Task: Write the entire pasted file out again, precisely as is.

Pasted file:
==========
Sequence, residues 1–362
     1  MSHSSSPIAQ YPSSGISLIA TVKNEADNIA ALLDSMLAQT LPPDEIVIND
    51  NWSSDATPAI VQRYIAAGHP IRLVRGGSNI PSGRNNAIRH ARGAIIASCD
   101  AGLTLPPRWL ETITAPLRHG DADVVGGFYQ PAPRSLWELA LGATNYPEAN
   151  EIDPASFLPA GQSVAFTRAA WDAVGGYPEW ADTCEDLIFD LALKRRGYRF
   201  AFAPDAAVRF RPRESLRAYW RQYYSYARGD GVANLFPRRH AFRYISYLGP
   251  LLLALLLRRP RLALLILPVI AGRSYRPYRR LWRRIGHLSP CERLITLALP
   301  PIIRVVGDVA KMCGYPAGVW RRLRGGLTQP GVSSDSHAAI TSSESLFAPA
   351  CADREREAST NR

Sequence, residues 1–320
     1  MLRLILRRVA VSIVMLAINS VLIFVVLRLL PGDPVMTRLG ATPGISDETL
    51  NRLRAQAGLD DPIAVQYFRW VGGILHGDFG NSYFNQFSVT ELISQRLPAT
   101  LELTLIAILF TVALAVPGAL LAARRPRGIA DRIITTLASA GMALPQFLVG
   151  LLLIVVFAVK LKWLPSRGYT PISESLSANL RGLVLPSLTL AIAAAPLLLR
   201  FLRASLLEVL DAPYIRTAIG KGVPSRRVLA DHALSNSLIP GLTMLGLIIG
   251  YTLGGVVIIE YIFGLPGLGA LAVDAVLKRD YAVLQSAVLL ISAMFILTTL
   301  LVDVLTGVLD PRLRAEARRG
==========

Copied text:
Sequence, residues 1–362
     1  MSHSSSPIAQ YPSSGISLIA TVKNEADNIA ALLDSMLAQT LPPDEIVIND
    51  NWSSDATPAI VQRYIAAGHP IRLVRGGSNI PSGRNNAIRH ARGAIIASCD
   101  AGLTLPPRWL ETITAPLRHG DADVVGGFYQ PAPRSLWELA LGATNYPEAN
   151  EIDPASFLPA GQSVAFTRAA WDAVGGYPEW ADTCEDLIFD LALKRRGYRF
   201  AFAPDAAVRF RPRESLRAYW RQYYSYARGD GVANLFPRRH AFRYISYLGP
   251  LLLALLLRRP RLALLILPVI AGRSYRPYRR LWRRIGHLSP CERLITLALP
   301  PIIRVVGDVA KMCGYPAGVW RRLRGGLTQP GVSSDSHAAI TSSESLFAPA
   351  CADREREAST NR

Sequence, residues 1–320
     1  MLRLILRRVA VSIVMLAINS VLIFVVLRLL PGDPVMTRLG ATPGISDETL
    51  NRLRAQAGLD DPIAVQYFRW VGGILHGDFG NSYFNQFSVT ELISQRLPAT
   101  LELTLIAILF TVALAVPGAL LAARRPRGIA DRIITTLASA GMALPQFLVG
   151  LLLIVVFAVK LKWLPSRGYT PISESLSANL RGLVLPSLTL AIAAAPLLLR
   201  FLRASLLEVL DAPYIRTAIG KGVPSRRVLA DHALSNSLIP GLTMLGLIIG
   251  YTLGGVVIIE YIFGLPGLGA LAVDAVLKRD YAVLQSAVLL ISAMFILTTL
   301  LVDVLTGVLD PRLRAEARRG